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History of Japanese Farmers on the Palos Verdes Peninsula

In the early 1900's , when land values dictated that Peninsula property could no longer be used for only cattle grazing, Jotham Bixby who owned the 16,000 acre Rancho de los Palos Verdes leased the land to Japanese farmers, to cultivate fruits and vegetables. Land was leased for approx. ten dollars an acre, and in the early 1900's, approx. 40 Japanese families were cultivating crops on the Peninsula.

The Ishibashi family was one of the first Japanese families to farm the Peninsula.  Kumekichi Ishibashi came to San Francisco in 1895, and walked to Los Angeles. He worked as a houseboy for many years, but in 1906 leased his first farm from Bixby in 1906 at the site of the present day Trump National Golf course in Rancho Palos Verdes.  In 1910, Kumekichi brought his younger brother, Tomizo, to join him at the farm. The Ishibashi family used to get water once a week for their house, which they built themselves, from a well in the Portuguese Bend area, and this took the better part of a day. The family farmed by the "dry farming" method with no irrigation, and grew beans, cucumbers, peas and tomatoes. Early electricity was obtained by a boat generator, and auto batteries.



1923 Picture of some of the 40 Japanese families cultivating the Palos Verdes Peninsula (courtesy of Palos Verdes Library District)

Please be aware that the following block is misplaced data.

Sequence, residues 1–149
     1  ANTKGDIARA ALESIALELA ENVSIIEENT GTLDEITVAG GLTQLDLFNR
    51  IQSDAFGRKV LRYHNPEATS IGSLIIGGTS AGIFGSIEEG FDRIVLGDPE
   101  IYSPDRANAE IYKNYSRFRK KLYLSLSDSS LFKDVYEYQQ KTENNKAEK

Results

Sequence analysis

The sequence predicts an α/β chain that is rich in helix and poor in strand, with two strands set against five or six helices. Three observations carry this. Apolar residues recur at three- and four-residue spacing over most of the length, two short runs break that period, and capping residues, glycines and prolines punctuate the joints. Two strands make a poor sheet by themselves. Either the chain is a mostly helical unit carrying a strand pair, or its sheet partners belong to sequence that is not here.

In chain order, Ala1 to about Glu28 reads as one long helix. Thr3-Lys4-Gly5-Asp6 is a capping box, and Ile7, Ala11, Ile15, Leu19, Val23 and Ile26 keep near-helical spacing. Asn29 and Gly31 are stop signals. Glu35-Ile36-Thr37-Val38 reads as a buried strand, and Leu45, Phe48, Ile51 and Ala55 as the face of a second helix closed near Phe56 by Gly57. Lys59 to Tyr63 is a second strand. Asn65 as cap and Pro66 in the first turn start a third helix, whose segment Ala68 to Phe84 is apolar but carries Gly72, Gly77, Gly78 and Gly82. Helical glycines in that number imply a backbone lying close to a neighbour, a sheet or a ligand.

When World War II began, however, the Japanese families who were farming the Rancho Palos Verdes area were interned for the duration of the war; many were relocated to the internment camp at Manzanar, California.  On February 1, 1942, Kumekuchi Ishibashi and  his wife Take were taken to a detention camp for Japanese in Bismarck, North Dakota.  In July, 1942, Kumekuchi's family including his son Mas, Mas' wife, Miye, along with their son Satoshi, who was seven years old at the time, and Mas' brothers, George and Aki were interned at Poston, Arizona. In a little over one year, Kumekichi was able to reunite with his family in Poston. They then moved to Utah to farm for the duration of the war.

Mas' brother, George and Kay, served in the 442nd Regimental Infantry Combat Unit. This unit received more citations than any other outfit [of its size].  Miye Ishibashi sold strawberries on the side of the road and Mas farmed Rancho Palos Verdes for over 50 years, with the exception of the internment years.  Their son Satoshi continued working with his father to farm rolling acres of barley and garbanzo beans for many of those years as well.  Tomizo, Kumekichi's brother, had four farming sons: Ichiro, James, Tom and Daniel and two daughters, Yukiko and Naomi. James Ishibashi's farm is several miles down the road. His wife sold vegetables at "Annie's stand," serving the community for forty years. Tom Ishibashi farms on city-owned property next to Torrance Municipal Airport. [retired in 2006].

For more about the HISTORY OF THE SOUTH BAY OF LOS ANGELES visit my website at http://www.maureenmegowan.com

For more information about Palos Verdes and South Bay Real Estate and buying and selling a home on the Palos Verdes Peninsula, visit my website at http://www.maureenmegowan.com . I try to make this the best real estate web blog in the South Bay Los Angeles and the Palos Verdes Peninsula. I would love to hear your comments or suggestions.

Comment balloon 2 commentsMaureen Megowan • December 23 2008 04:06AM
History of Japanese Farmers on the Palos Verdes Peninsula
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